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likelihood of victory is small.” It is a person’s mental or moral strength to resist extreme
difficulty. It is the strength of mind that makes one able to meet danger and difficulties
with firmness. This withstanding opposition to defeat allows a person to persevere
although the probability of triumph is unfavorable. Arthur Miller’s The Crucible and
Harper Lee’s To Kill a Mockingbird justify this statement.
Arthur Miller exemplifies this definition of courage by the use of
characterization. In Act III of the play, the odds against Proctor are overwhelming. If he
loses the case, he and all the people who support him will be destroyed. For Proctor to
save his wife and friends, he must convince the court that everything it has done so far is
wrong. Proctor is willing to risk everything, including his good name and even his life, to
bring out the truth. Throughout this act, Parris and Cheever act as impediments to John.
Cheever, to deface the reputation of John, mentions that Proctor ripped the warrant when
Elizabeth was arrested and that he plows on Sundays. Parris, in addition, says that
Proctor “comes to church but once a month!” However, this does not hamper Proctor as
he persists to bring out the truth. Another obstacle that Proctor must surpass occurs when
Abigail and the girls feign that Mary Warren sends out her spirit reinforcing the notion
that Mary is a witch. In response, Proctor confesses his lechery to weaken the perception
of the saintly image of Abigail and to reveal her motive. By avowing his affair with
Abigail, Proctor illustrates his perseverance to save the lives of his wife and friends.
The setting of The Crucible is another element to justify the definition of courage.
The play takes place in Salem, Massachusetts in 1692, thirty years after the colony was
established. It was a period of political and religious turmoil. The Puritans settled there
to seek religious freedom and to “purify” the teachings and ceremonies of the Church of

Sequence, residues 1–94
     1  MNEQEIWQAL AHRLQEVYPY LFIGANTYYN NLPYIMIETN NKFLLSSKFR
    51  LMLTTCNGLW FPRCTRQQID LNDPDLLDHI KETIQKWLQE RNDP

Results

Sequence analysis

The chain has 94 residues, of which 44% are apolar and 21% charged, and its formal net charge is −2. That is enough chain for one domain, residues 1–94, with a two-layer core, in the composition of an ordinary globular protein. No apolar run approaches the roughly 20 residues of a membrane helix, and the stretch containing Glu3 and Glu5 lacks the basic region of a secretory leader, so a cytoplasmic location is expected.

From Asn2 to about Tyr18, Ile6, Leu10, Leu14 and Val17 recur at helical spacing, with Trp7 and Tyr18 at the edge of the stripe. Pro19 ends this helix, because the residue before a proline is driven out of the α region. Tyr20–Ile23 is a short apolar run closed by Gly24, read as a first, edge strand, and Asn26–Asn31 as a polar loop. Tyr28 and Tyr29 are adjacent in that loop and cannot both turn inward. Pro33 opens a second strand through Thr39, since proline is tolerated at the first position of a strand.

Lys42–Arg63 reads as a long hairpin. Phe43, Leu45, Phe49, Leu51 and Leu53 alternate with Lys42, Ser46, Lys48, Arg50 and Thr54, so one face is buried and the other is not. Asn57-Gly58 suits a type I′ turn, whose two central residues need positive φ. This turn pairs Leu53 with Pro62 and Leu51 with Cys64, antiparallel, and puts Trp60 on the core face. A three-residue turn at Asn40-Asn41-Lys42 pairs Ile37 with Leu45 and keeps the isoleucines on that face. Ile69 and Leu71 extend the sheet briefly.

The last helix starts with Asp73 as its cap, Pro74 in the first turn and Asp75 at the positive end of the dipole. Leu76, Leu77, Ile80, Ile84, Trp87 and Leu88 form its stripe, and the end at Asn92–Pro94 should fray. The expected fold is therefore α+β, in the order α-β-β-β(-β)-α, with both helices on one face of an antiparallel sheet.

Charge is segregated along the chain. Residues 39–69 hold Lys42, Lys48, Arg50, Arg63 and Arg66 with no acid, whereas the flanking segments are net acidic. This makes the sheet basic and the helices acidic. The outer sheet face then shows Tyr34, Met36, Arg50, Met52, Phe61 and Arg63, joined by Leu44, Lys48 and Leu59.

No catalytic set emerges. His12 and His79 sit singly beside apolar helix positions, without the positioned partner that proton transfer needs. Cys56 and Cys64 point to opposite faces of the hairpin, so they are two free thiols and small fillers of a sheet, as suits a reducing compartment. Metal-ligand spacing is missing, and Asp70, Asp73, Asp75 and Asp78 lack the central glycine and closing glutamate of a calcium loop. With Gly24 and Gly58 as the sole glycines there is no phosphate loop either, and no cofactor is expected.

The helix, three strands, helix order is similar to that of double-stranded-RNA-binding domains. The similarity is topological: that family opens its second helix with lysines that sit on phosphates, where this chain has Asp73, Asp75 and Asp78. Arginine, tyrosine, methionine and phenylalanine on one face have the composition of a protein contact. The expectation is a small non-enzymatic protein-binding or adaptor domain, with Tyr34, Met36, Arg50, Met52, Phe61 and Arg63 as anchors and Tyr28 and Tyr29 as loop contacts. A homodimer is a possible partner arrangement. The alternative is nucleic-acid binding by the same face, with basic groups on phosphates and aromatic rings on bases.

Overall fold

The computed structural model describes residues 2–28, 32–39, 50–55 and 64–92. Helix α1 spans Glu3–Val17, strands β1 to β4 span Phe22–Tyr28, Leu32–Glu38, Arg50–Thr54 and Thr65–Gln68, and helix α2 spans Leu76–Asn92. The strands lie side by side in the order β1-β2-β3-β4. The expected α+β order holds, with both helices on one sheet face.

England. The Puritans believed in strict reinforcement of the laws they found in the
Bible. They accepted little challenge to their religious beliefs, and were intolerant to
other Christian denominations. Paradoxically, their fanatic zeal led them to exercise the
exact kind of repression on others that they had fled England to escape. In addition,
under the Puritan court, the pressure to confess and atone for one's sins was immense.
Innocent individuals with nothing to confess were subsequently often led to admit to
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accused may have been charged as accomplices.
In To Kill a Mockingbird, Arthur Miller utilizes characterization to delineate the
epitome of courage, Atticus Finch. Although he is called a “nigger-lover”, Atticus
defends Tom solely on the basis of justice and does not allow the color of Tom’s skin to
prejudice him against Tom’s case. The odds are against Tom because Mayella Ewell, a
white woman, has charged him, a black man, with rape. Nevertheless, Atticus refuses to
become intimated, and he defends the young black man. Atticus is a studious man
whose behavior is governed by reason. Once he decides that a given course of action is
right, he perseveres regardless of threats or criticisms.
The setting and point of view are other literary elements that advocate my
Arthur Miller’s novel takes place in Maycomb, Alabama, during the early 1930’s. It was
a period of great social change, a time that has a significant influence on the plot. During
this time a system of segregation was in force. Blacks and whites were forbidden to mix
in schools or use the same restrooms or water fountains. Many kinds of jobs were
unavailable to black men, nor were they allowed to serve on juries. Any person whether
black or white who challenged the system of segregation publicly would have been in
serious danger of being killed by prosegregation fanatics. In addition, this novel is told
as a first person narrative through the eyes of Scout. Scout as a young girl, however, is
too young to be aware of all the complexities in the world around her. As a result of
Arthur’s Miller use of a naive narrator, Atticus’ courage is more evident to the reader.
The injustice of the trial and conviction take on an added degree of incongruity simply
because it is presented from the innocent mind of a young girl.
In conclusion, John Proctor and Atticus Finch are paragons of courage. John
Proctor risked everything, including his life, to save the lives of his wife and friends.
Atticus Finch, a man who represents idealism and justice, did not allow a partial society
to impede him from what he thought was just. Both characters exhibited a withstanding
opposition to defeat which allowed